Any advice on training a female client, 55 , smoker, needing to lose body fat by at least 10%, shoulder limitations, & other.
My client is a breast cancer survivor, not willing to give up smoking, is holding all her fat in her stomach and abdominal region. She is limited by shoulder usage due to previous injury. She also has a very poor diet, is working on changing some, and increasing water intake. She lives on frozen dinners, and packaged foods, which we've gone over several times. Recently, I've gotten her to do her first 5K, walking, and now she is jogging as well, with strength training. Just need some ideas to help her because she is in a danger zone with the body fat and still smoking.
This is situation I have found myself in a few times. It really comes down to "is this client really ready to make changes." She has already put up defenses and said that you can not make her do anything that she doesn't want to do, despite their ill effects on her health. That makes the relationship tough for the start. My first advice is patience. There is no good way to say this to a client, but her control issues and survivor mentality really need to be addressed by a qualified therapist or doctor. This may not be something you feel comfortable bringing up so then we move to the next option. Do no harm.
Be easy on her and introduce her to basic activity as you've already done. There is no magic bullet with this client. The fact that you've gotten her to walk and jog is a testament to your relationship with her. The rest will happen as she begins to trust you more. Again, she has dictated her willingness to change, and those boundaries and wall will only shift with time and trust.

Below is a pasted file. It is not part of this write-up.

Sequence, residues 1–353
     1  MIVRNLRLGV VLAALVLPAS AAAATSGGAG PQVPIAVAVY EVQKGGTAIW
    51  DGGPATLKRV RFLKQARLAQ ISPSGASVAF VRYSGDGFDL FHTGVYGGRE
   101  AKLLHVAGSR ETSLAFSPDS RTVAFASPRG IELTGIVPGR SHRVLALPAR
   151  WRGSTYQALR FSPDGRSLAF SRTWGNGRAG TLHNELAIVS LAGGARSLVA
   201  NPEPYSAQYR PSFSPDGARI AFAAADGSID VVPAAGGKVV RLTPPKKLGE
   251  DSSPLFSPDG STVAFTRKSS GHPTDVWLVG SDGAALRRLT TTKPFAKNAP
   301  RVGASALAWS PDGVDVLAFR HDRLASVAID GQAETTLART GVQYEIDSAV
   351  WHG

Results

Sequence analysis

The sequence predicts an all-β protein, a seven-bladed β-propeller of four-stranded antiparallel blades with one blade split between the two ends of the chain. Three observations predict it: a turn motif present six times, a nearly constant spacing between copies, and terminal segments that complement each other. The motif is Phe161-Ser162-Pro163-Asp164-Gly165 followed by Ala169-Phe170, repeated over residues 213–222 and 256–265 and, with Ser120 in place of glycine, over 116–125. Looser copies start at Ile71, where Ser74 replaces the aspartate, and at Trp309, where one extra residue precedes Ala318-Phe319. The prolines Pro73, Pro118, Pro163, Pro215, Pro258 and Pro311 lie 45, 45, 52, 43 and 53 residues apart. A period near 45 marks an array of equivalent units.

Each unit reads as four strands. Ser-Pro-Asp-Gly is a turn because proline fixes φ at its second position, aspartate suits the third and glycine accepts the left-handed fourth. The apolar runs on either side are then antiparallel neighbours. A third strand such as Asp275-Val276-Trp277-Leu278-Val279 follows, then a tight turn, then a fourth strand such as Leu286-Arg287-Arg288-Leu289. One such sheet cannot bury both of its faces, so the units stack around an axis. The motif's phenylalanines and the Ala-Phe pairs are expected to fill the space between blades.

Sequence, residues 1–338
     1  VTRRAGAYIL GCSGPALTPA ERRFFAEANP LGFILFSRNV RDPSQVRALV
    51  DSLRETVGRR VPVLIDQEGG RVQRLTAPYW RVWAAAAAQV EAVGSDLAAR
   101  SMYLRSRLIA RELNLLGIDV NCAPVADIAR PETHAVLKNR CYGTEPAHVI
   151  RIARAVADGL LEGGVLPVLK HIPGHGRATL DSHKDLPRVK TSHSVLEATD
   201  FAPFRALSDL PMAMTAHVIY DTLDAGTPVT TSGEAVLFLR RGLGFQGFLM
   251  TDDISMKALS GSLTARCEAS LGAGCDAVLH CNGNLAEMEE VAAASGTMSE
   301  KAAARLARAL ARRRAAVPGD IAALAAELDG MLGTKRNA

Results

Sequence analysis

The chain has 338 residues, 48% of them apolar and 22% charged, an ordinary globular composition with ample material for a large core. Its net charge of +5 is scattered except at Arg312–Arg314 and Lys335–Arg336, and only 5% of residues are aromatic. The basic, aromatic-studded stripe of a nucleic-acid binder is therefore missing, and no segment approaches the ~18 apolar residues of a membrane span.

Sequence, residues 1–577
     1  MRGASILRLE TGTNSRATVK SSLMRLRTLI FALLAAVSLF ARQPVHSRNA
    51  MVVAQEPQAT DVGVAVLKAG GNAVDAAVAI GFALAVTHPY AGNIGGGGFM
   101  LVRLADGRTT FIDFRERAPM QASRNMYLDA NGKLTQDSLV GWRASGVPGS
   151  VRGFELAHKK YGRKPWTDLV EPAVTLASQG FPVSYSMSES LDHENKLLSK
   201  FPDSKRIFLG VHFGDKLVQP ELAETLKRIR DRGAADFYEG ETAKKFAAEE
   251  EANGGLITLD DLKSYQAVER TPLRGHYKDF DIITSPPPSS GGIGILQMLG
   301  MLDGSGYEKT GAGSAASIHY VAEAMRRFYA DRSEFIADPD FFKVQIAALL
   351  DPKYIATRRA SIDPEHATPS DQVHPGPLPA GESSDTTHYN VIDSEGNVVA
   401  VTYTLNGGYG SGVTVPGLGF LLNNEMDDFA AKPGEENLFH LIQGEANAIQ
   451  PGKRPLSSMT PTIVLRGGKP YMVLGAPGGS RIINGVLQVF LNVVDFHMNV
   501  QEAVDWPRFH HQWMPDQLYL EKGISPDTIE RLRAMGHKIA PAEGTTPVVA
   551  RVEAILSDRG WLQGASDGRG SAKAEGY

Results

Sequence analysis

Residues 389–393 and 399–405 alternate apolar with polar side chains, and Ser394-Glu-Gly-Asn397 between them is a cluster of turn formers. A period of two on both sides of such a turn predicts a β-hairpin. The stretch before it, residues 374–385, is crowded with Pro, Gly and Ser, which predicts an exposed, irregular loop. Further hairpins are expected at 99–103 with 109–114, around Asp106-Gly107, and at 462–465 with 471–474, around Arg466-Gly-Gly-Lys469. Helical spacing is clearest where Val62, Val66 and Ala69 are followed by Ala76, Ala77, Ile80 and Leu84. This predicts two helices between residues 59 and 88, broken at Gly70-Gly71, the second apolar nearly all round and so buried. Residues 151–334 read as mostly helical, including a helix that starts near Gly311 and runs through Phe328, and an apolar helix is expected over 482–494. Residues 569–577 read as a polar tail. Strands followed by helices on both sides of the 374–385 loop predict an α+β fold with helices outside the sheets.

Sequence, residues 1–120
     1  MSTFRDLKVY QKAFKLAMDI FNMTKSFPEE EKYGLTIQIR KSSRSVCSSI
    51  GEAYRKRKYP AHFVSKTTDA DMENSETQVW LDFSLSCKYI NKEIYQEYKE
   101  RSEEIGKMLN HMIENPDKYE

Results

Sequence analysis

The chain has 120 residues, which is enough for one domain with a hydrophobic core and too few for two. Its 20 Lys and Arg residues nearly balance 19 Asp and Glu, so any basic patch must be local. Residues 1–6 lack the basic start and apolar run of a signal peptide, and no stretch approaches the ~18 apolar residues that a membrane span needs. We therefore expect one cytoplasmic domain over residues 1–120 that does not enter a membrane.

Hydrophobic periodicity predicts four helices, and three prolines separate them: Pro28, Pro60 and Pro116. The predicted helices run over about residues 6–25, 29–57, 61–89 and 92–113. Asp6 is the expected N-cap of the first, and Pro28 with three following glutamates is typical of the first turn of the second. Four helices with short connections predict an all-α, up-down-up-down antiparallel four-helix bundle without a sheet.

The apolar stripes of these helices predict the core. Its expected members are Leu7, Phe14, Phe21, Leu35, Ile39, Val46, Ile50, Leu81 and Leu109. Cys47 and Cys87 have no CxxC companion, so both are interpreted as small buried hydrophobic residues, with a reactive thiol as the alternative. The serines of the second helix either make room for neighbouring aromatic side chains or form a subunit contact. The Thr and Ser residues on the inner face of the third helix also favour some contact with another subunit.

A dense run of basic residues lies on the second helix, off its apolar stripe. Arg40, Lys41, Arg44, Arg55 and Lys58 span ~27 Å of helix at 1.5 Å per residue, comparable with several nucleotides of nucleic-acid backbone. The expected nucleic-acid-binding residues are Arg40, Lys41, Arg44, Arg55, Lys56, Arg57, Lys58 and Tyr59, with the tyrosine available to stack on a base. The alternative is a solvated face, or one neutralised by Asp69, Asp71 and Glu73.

You're doing amazing, keep perspective, keep patience, and focus on successes not the other aspects that aren't changing quick enough.
Hope this helps, if you are looking for more specific exercises let me know. But I think reenforcing what you're already doing is the important part.
yes, there are clients that seem to be resistant to all the suggestions we make. Yet: they keep coming back to us for training, and while there may be a lot of room for improvement when they are not with us, during the hour under our tutelage we have the ability to make a positive change.
You mention that she is already working on changing some things about her food intake, and that is cause for praise. I tend to constantly administer CPR (constant positive reinforcement) and try to step easy on what can turn into nagging. I am sure you have pointed out all of the unhealthy behaviors, and I am also sure that she already knew about it beforehand.
You have already made significant progress and should not forget that you can only help her to the extent that she wants to be helped. You are a very positive influence in her life, and she would not continue to see you if she did not feel that way.
You have one of those tough cases--the client came to you for help and support but needs to be ready and in a state of action to change. You've already made some progress on the cardio and strength end, which is great. Keep encouraging her efforts!
I would also keep encouraging her to eat whole foods over packaged foods. (My philosophy is hard work and whole foods!). Try to have her swap some packaged items for fresh fruits and veggies, lean sources of protein, healthy fats, and whole grains. I try to not only encourage my clients to eat more whole foods, but I always also explain the reasons why and the great benefits. More energy and disease prevention are only two great motivating benefits of eating healthy and clean. Since her diet plays a huge role in her success, she may want to try tracking her calorie intake if she doesn't already.
Overall, she has to be ready to change, but remind her that this is a marathon, not a race! She is in this for the long haul, so those small changes will add up to long-lasting health and well-being.
Good luck and keep motivating her,
Kudos to you both.